After debuting at number four in the UK physical games sales charts last week, just one place ahead of the five-year-old Mario Kart 8 Deluxe, Microsoft’s latest open-world racing game has slipped to 16th in week two.
That’s a dramatic fall from grace. This week witnessed the release of Battlefield 2042, a big new game from EA that entered at number three, despite a Metacritic score below 75. Multi-platform titles Call of Duty: Vanguard and FIFA 22 are in the top five, while Sony and Nintendo have three and seven platform-exclusives respectively inside the top 20.
It’s easy to dismiss the physical sales charts, you’ve gone digital-only, I can tell. But recent GSD data shows three physical titles were sold for every two digital titles on PS5 during its first ten months on sale.
At the same time as its mid-table sales chart standing, the Forza Horizon 5 social media account is touting Forza Horizon 5 achieved the biggest first week in Xbox history with over 10 million players.
It’s all a bit confusing. There are many factors behind the disparity between physical game sales and the overwhelming quantity of players on the online leaderboards – so let’s dive in.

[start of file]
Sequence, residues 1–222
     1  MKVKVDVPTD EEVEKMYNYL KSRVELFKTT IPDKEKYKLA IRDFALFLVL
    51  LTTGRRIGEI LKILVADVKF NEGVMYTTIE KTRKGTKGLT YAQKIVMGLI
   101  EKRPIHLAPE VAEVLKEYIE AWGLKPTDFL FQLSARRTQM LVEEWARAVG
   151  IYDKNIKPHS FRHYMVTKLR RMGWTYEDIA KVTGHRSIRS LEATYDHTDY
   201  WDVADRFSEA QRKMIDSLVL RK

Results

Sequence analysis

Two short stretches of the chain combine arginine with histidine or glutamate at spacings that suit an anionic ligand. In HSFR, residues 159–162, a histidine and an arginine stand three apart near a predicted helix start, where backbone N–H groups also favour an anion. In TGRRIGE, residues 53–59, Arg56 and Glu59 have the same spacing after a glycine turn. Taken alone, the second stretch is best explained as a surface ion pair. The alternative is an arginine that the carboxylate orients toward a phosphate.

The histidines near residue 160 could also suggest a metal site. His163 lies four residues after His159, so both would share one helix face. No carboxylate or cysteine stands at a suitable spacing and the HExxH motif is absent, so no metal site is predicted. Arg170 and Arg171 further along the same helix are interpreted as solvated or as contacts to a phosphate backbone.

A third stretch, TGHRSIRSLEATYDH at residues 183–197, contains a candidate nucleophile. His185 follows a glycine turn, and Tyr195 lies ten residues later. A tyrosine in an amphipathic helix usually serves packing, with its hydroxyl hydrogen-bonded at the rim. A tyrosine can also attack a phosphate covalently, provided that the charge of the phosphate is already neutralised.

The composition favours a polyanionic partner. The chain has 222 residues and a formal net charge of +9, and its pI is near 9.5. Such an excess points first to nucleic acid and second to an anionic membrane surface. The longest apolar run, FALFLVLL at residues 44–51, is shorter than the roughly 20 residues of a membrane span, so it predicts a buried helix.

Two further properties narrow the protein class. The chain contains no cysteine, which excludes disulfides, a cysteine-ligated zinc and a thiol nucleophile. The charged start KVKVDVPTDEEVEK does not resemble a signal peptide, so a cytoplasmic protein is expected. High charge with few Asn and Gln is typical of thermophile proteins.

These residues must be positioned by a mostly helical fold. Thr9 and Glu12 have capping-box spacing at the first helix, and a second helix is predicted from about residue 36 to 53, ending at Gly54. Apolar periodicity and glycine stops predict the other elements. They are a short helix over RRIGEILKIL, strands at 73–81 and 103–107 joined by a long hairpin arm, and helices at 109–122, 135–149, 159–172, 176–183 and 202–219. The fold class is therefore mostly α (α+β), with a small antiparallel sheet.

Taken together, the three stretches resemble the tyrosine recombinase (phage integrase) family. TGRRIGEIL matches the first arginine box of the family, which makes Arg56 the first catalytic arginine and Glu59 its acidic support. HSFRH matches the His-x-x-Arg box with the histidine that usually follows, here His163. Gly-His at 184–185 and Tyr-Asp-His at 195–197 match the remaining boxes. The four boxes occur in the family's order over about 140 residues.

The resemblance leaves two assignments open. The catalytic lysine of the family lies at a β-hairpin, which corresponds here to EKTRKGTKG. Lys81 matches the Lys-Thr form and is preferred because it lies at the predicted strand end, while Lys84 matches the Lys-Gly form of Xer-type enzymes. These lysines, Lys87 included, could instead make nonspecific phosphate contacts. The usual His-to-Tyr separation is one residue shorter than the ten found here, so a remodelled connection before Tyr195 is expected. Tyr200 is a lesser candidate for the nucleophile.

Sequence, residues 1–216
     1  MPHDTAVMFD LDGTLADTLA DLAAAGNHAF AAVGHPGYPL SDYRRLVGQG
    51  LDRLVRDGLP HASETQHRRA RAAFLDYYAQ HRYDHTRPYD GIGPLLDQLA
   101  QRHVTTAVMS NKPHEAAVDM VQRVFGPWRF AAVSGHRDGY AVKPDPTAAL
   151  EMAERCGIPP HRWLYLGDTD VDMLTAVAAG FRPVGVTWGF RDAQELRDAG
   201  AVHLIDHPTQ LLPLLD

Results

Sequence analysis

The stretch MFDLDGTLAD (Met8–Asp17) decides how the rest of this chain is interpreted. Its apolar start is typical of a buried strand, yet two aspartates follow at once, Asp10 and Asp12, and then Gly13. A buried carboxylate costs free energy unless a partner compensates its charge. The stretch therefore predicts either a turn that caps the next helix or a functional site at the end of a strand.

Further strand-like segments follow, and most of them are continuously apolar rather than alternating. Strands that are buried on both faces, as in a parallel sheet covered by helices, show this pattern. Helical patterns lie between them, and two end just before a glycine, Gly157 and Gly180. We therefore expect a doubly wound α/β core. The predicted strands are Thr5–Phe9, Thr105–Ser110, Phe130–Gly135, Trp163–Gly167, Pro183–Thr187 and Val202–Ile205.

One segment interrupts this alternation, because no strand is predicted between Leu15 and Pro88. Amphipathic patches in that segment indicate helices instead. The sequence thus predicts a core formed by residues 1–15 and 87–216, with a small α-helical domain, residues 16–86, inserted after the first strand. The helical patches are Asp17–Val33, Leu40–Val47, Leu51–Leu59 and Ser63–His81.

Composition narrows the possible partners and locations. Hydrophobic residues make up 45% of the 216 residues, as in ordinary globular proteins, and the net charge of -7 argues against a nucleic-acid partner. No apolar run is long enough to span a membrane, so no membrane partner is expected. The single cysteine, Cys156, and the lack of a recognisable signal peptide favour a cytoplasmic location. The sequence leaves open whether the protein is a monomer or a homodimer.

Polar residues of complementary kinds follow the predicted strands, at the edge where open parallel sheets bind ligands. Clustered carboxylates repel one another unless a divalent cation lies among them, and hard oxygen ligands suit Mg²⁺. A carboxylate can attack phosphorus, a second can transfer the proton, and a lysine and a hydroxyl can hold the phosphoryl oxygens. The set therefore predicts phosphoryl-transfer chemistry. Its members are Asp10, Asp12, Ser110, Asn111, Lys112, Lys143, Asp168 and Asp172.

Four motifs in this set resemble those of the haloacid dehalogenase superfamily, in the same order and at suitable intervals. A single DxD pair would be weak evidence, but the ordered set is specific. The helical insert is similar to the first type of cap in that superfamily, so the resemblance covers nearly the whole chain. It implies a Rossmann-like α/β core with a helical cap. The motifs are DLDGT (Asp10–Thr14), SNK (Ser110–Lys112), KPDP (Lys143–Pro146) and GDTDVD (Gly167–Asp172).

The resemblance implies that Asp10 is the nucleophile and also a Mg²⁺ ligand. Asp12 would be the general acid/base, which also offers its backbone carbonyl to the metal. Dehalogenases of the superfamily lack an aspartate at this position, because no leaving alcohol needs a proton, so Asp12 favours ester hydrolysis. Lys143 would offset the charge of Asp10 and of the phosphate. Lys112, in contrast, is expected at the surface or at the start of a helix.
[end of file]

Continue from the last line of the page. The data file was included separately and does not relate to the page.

Right off the bat, this was the first-ever Forza game to release via the leading PC platform Steam on day one. Secondly, not only was it on Steam, it was on the Xbox PC store, Xbox One and Xbox Series X|S at the same time – the second Forza Horizon game to span multiple console generations after the Horizon 2 launched on both 360 and One, but that particular release also excluded PC.
That meant a significant quantity of devices were able to play the game, more than any other Forza at launch, period. It also helped that the game is brilliant. Be in no doubt that is an extremely popular title.
Surely the biggest factor, however, was it launching straight to Game Pass. Across the three tiers of the service, no matter which one you were a member of, Forza Horizon 5 was there for you immediately.
In a recent earnings report, Microsoft touted a 37.45 per cent increase in subscribers from mid-2020 through to mid-2021, with the most recent figure set at 18 million monthly subscribers across PC, Xbox One, Xbox Series X|S and Cloud in January 2021.